Taiwan: New Foreign Minister Chen Tan-sun appointed
"The three insistences are maintaining our nation's sovereign status, maintaining peace and stability in the Taiwan Strait and participating in international cooperative projects to fulfill our international obligations," Chen said at a changeover ceremony.
Chen, a U.S.-trained physicist who entered domestic politics after he returned to Taiwan in the early 1992 after working for almost 20 years in the United States, also said at the ceremony that he has long dreamed of integrating government and private resources to let the world know that there is an island country in the West Pacific called the Republic of China, which has stood firmly against giant communist China.
In the changeover ceremony, Chen took the Ministry of Foreign Affairs (MOFA) official seals from his predecessor, Eugene Chien, who resigned last week as a result of fallout surrounding the resignation of American Institute in Taiwan (AIT) Chairwoman Therese Shaheen, the top U.S. liaison officer with Taiwan in the absence of diplomatic ties.
Chen, who has been a legislator and two-term magistrate of the rural southern Taiwan county of Tainan, said that in the face of mainland China's suppression, Taiwan's diplomatic work is always fraught with tough challenges and difficulties.
"I'll exercise prudence in carrying out my mission," Chen said, adding that he will use passion, energy and perseverance to fulfill his duties.
Chen further expounded on his insistence on maintaining Taiwan's sovereign integrity, stressing that after undergoing three direct presidential elections, as well as the first-ever transition of power between different political parties in 2000, Taiwan has become a "100 percent" democratic country.
With the deepening of democracy, Chen said, the people of Taiwan have reached a consensus on "Taiwan first" and on a Taiwanese identity.
During his stint as foreign affairs minister, Chen said he will do his utmost to promote Taiwan's bid to join the United Nations and other major international organizations and non-government organizations (NGOs) , as well as working to upgrade Taiwan's international profile.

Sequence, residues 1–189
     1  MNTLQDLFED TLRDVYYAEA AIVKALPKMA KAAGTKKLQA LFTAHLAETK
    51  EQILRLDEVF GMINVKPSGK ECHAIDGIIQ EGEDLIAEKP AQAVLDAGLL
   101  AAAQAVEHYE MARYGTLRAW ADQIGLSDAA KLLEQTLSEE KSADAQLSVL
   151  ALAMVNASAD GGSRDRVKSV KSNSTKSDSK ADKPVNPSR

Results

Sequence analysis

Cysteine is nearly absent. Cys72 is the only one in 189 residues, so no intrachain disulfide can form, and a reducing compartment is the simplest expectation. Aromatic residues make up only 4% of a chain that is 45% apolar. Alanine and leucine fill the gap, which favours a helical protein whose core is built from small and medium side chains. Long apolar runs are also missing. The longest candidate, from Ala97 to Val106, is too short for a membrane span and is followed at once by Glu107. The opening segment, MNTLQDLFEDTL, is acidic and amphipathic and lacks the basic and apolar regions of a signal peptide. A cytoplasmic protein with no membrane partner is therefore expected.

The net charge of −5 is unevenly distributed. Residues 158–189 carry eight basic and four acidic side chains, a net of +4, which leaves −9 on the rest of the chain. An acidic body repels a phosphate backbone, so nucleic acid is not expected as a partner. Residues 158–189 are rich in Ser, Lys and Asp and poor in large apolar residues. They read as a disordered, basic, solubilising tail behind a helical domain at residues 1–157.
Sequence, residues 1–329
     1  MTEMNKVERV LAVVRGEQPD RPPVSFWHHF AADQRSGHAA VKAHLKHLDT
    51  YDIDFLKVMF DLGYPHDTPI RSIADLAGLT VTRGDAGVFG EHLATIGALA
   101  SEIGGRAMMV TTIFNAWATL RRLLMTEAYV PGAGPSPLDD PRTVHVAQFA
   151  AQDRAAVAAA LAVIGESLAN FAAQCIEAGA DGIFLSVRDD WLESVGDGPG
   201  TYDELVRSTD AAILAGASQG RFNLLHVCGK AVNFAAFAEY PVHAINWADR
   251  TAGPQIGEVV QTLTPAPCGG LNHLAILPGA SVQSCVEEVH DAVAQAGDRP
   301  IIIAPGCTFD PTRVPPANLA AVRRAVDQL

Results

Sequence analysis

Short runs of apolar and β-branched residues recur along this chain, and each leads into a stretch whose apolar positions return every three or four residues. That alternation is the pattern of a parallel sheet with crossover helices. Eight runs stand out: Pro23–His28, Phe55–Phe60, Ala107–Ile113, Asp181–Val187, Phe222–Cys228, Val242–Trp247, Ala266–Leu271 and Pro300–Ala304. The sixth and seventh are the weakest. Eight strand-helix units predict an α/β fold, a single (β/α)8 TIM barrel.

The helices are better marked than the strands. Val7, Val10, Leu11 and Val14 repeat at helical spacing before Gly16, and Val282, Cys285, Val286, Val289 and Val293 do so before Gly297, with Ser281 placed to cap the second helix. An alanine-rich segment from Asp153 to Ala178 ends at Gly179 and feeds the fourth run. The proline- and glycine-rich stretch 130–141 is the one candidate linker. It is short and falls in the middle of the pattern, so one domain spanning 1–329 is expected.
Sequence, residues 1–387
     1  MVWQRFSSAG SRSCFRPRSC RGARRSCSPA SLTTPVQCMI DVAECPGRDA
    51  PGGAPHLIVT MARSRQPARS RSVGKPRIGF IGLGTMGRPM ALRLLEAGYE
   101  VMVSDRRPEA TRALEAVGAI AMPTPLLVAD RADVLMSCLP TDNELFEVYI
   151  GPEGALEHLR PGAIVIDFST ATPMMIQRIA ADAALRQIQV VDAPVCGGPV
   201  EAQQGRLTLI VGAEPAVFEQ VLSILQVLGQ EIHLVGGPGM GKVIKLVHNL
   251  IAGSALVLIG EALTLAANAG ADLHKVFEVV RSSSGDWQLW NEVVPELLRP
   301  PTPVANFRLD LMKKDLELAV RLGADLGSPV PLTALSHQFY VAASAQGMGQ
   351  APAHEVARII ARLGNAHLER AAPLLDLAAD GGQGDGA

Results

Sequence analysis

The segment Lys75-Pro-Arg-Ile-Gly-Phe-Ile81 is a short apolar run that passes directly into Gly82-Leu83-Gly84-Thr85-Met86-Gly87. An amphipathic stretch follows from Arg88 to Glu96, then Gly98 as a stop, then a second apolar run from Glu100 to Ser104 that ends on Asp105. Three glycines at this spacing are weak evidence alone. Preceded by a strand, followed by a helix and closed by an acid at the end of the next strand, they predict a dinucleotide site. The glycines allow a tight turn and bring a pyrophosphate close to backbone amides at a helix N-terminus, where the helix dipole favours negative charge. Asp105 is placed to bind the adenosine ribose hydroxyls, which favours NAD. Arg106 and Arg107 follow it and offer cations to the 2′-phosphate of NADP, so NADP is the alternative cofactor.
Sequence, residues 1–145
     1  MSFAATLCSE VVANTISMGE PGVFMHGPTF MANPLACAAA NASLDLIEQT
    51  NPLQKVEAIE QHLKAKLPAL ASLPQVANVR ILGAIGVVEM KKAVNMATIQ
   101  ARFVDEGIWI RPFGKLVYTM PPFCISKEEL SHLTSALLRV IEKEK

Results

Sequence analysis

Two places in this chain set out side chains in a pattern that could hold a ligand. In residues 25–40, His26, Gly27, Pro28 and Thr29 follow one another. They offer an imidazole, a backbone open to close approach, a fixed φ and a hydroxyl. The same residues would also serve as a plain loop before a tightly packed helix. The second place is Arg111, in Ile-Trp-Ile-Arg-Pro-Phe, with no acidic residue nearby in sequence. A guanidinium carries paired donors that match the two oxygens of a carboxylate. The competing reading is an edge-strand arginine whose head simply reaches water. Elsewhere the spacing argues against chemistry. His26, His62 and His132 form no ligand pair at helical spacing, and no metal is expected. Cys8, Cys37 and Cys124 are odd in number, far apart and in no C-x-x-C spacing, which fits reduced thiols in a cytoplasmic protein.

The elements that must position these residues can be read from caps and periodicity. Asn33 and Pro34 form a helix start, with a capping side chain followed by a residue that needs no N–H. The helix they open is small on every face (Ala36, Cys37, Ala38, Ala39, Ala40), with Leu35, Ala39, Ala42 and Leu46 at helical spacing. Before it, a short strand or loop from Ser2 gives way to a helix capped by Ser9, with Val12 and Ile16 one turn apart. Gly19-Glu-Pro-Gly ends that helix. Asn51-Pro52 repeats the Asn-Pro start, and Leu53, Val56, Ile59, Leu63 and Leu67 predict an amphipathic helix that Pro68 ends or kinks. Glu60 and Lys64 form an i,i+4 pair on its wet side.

Noting that maintaining peace and stability in the Taiwan Strait is not only "Taiwan's insistence" but also a common policy in the international community, Chen said stable and peaceful cross-strait relations are critical to Northeast Asian and Southeast Asian security.
"Maintaining cross-strait peace and stability is not only in Taiwan's interest but also in the international interest," Chen said, adding that Taiwan will strengthen its security dialogues and cooperation with the United States, Japan and Southeast Asian countries in order to safeguard regional peace and prosperity.
Moreover, Chen said, Taiwan's democratic experience and achievements are precious assets for Taiwan to forge cooperative ties with major countries around the world.
"The MOFA-affiliated Taiwan Foundation for Democracy can be a good conduit for promoting international cooperation in democratic reform and development," he added.
In the future, Chen said, the MOFA will work to expand Taiwan's participation in international cooperative programs in the security, trade, economic and democratic development fields in order to contribute to world peace and prosperity.
Speaking on the same occasion, Chien noted that the heads of state of 12 of the ROC's diplomatic allies will travel to Taiwan to attend President Chen Shui-bian's May 20 inauguration for a second four-year term.
"They will come here to witness Taiwan's progress in democratic development, " Chien said, adding that he is convinced that the MOFA will score even more diplomatic achievements under his successor's stewardship.
At the changeover ceremony, Chen presented a "diplomacy medal" to Chien in recognition of his contributions to the promotion of Taiwan's foreign relations during his two-year stint.